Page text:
The eight-hour flight to Fort Benning Georgia in a two engine DC3 twenty-one passenger cargo plane was not the exciting experience I expected when given my orders.  But if I thought that was bad, my first two weeks in Officer Candidate school were much worse.  It wasn’t the training, after all I was well tuned foot soldier having learned disciplines necessary to get along with spirited Tact Officers.  It was the weather, hot grubby, intensely humid air that was something I had never experienced before. Then the 1, 2, then 3, and finally 4 mile jogs before breakfast each morning were killers.  But not surprisingly by the time we got to the 4-mile run, it didn’t seem so bad.  It was bad but just not as bad as that first morning.  Even though I was in good shape that first run was made worse by not knowing just how far we were going to run.  It was on and on and on!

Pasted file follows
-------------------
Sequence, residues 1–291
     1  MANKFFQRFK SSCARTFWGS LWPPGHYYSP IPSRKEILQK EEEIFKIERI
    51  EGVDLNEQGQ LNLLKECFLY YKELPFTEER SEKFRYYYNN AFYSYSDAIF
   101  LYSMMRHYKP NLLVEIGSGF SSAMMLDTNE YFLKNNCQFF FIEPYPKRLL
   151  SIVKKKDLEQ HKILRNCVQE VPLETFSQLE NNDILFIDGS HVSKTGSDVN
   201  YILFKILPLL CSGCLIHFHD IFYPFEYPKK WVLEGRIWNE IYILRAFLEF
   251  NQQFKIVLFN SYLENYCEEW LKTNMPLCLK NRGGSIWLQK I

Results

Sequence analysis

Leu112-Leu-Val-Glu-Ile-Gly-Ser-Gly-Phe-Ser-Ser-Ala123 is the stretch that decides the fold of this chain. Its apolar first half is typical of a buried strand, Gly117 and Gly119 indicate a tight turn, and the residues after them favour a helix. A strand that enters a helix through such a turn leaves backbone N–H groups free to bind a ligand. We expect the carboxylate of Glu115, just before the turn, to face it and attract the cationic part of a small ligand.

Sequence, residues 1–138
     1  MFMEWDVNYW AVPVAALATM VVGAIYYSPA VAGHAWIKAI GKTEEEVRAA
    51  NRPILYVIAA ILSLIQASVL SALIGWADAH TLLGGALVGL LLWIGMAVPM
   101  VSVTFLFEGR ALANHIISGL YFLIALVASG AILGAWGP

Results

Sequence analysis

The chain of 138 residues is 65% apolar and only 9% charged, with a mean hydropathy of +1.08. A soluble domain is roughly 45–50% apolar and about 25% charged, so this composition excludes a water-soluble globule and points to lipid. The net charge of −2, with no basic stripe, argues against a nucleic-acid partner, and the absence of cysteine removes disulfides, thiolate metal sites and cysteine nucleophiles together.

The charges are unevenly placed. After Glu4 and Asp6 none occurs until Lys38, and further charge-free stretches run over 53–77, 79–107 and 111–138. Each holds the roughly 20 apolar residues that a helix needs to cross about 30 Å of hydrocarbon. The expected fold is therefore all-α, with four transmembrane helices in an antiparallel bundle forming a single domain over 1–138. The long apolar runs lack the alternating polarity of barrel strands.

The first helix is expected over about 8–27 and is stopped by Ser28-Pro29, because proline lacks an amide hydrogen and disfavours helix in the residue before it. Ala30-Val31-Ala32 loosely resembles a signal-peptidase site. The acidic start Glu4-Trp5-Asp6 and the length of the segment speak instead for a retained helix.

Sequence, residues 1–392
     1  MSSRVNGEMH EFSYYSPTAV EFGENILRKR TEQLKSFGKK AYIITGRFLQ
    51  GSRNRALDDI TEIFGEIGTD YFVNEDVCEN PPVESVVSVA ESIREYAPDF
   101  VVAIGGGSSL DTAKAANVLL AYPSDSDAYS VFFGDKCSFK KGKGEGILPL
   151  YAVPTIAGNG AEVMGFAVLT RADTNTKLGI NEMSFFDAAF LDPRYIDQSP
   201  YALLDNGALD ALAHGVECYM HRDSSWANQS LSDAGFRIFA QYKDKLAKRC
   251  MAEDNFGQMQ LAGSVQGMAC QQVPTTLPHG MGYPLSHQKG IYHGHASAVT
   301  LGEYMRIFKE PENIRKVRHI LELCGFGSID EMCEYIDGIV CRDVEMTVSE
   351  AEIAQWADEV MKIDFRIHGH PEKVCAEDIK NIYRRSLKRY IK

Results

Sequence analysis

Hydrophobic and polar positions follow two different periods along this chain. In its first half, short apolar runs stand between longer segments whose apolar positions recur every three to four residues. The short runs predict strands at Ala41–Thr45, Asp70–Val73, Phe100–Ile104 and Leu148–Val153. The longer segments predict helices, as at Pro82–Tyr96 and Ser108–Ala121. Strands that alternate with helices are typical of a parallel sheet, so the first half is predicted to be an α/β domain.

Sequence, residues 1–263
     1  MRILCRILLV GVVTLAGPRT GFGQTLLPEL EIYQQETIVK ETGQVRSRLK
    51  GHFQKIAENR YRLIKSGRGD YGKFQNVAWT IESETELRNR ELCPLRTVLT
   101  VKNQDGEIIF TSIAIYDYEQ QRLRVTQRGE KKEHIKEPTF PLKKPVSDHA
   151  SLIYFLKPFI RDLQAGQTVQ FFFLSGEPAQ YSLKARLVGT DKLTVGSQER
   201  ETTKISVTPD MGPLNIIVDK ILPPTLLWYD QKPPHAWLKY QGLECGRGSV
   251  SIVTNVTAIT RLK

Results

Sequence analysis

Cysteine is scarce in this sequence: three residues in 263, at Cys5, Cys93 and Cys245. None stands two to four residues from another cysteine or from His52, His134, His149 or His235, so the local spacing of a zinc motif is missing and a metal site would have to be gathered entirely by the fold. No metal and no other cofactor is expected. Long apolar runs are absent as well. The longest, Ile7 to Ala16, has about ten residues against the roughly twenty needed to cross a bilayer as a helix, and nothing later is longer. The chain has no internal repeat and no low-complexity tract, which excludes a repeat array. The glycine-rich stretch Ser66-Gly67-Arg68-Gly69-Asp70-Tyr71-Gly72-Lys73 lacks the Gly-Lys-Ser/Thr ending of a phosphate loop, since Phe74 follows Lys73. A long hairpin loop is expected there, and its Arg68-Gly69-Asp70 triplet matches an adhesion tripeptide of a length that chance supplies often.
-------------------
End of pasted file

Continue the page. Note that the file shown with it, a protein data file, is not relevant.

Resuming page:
By Christmas, things had settled down to learning how to lead a Platoon in combat conditions.  While stimulating, this was serious business and in the role of a candidate, you better pay attention or someone is going to get killed.  By the end of training and during the last two weeks, Candidates were given Blue helmets which were evidence to other trainees that we were complete in our training and were deserved of the respect shown by the salute to an officer.  It is an odd but gratifying feeling to be in that position.  In April, I received notice that I had been selected to be one of five who would receive the designation of “Distinguished Military Graduate” in my class.  As such, I was given an option, should I choose to take it, to be appointed a “regular 2nd Lieutenant in the U.S Army with all the rights and benefits there-of. I was sure that with the appointment, I was likely to receive my first request for new station of duty at the Presidio in San Francisco.  After the graduation ceremony attended by my parents, my Dad told me that when they got a copy of the ceremony program with all the 100 or so graduates listed, my mother said to him. “Look, Buddy is not listed in the names of the graduates”, what do you suppose that means? after a moment or two they discovered my name at the top of the program with the designation of Honor Graduate.